Land clearing became an important mission during the Vietnam War after realizing that soon after infantry soldiers would sweep an area the enemy would temporarily leave, then return and be able to once again hide in the dense jungle forest. Without any prior techniques on how to remove the thick vegetation the enemy found safety in, General William C. Westmoreland, commander of U.S. Military Assistance Command Vietnam, told his staff to begin exploring options of how to clear the jungle (Thomas).
Early experiments with a ten-ton or heavier hollow ball being towed by a ship anchor linked to two very, heavy tractors, a device similar to one used in Australia, a one hundred ton tracked tank-like vehicle and the three wheeled LeTourneau tree-crusher all were unsuccessful. The parts were either too hard to fabricate or were too heavy to transport and the LeTourneau tree-crusher was too vulnerable of a target because of its large size (Evans). Success finally came when the Rome Plow was introduced.
The Rome Plow was already being used in the United States to cut fire breaks before it was applied for use during the Vietnam War. Manufactured by the Rome Plow Company in Georgia, the Rome Plow is an oversized blade that was attached to a D7E dozer. The D7E dozer had a reinforced cage for the operator’s protection and had a tubular steel skeleton that extended from the cage to the front of the dozer that acted like a shield for the engine. The plow blade weighed more than two and a half tons, was wider than the dozer and as tall as a man. It was mounted at a thirty degree angle so that debris would be cast aside, had a spade that was curved more than the conventional earth-moving blade and it also had a reinforced steel stringer that protruded for the left side. The operator would repeatedly stab the tree in order to weaken it, while rotating the dozer in order to cut the tree down (Thomas). The Rome Plow’s usefulness became evident early on and lead Lieutenant General Julian J. Ewell, who was commander of II Field Force to say that it was “the most effective device” for winning the war (Evans).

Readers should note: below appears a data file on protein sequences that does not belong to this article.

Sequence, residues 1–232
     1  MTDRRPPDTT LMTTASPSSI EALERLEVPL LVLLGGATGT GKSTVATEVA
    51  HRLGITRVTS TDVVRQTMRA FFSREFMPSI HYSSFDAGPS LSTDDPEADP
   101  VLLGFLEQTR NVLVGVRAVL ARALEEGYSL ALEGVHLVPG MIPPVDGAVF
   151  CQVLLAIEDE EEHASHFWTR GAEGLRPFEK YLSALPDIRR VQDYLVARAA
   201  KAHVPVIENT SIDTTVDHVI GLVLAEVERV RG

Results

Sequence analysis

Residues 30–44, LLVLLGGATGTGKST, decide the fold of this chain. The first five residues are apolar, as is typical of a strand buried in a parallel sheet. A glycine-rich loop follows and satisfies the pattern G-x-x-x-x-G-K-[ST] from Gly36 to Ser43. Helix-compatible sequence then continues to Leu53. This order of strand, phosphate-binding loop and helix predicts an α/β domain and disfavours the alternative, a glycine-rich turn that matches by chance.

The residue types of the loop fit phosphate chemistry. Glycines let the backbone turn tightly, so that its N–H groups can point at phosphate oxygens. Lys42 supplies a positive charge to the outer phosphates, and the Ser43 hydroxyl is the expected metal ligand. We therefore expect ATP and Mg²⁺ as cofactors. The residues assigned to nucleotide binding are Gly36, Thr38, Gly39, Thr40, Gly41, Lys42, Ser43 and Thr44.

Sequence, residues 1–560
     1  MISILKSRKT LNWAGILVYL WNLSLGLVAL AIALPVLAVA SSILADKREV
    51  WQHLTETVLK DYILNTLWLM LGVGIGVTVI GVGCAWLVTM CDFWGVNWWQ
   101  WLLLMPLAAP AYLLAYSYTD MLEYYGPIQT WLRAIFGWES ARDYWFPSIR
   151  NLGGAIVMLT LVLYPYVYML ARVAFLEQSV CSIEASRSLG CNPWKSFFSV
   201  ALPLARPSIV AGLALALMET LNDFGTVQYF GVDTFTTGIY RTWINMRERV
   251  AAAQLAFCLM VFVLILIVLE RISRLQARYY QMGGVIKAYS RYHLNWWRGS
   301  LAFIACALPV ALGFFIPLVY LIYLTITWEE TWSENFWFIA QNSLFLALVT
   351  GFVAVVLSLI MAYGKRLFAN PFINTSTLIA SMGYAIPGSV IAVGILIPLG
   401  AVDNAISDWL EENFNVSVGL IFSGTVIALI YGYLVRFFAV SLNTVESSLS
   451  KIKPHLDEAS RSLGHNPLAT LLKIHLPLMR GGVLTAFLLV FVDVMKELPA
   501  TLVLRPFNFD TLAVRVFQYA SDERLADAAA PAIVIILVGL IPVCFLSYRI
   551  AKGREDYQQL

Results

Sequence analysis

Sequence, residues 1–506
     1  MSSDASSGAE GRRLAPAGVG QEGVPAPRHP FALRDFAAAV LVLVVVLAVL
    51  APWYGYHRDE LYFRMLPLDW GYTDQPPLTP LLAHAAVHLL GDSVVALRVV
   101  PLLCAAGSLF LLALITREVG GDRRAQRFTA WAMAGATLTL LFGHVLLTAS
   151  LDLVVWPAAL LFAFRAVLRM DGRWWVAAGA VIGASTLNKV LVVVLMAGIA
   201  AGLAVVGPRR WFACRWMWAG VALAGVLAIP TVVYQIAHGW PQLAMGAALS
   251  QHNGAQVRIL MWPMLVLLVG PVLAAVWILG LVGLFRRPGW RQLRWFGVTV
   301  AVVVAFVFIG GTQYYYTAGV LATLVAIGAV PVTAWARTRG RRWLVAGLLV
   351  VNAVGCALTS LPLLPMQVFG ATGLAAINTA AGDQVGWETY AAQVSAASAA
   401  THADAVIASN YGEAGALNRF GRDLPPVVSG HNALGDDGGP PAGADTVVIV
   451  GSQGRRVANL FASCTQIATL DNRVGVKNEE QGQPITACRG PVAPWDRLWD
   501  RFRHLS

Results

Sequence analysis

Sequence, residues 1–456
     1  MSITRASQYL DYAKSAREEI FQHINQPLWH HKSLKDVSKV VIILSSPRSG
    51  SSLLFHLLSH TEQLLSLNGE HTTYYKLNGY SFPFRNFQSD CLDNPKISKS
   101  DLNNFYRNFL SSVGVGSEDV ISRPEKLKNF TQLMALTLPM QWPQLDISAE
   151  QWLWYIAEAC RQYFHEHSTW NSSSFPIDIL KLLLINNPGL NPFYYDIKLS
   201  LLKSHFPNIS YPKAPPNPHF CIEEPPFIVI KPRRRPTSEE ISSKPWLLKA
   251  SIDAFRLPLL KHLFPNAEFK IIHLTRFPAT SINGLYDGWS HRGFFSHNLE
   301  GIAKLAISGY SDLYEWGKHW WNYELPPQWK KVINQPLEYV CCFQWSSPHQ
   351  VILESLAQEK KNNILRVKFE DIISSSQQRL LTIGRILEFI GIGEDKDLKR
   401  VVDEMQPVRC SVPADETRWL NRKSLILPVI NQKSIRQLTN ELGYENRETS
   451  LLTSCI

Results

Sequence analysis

Three land clearing teams were operational by the summer of 1967, equipped with thirty Rome Plows. Two of the teams were assigned to the 20th Engineer Brigade, supporting II Field Force and the other was assigned to the 18th Engineer Brigade, supporting I Field Force. Other engineer units were conducting land clearing missions on a smaller scale by divisional engineer combat battalions. Organizational changes were needed as the conflict intensified and tactical units who had land clearing teams attached faced drains of their command, administrative and especially their maintenance capabilities. The three land clearing teams were then reorganized into companies, with thirty Rome Plows each, in December 1968. Then in January 1969 three more companies were activated making a total of six land clearing companies. The six companies were divided between the...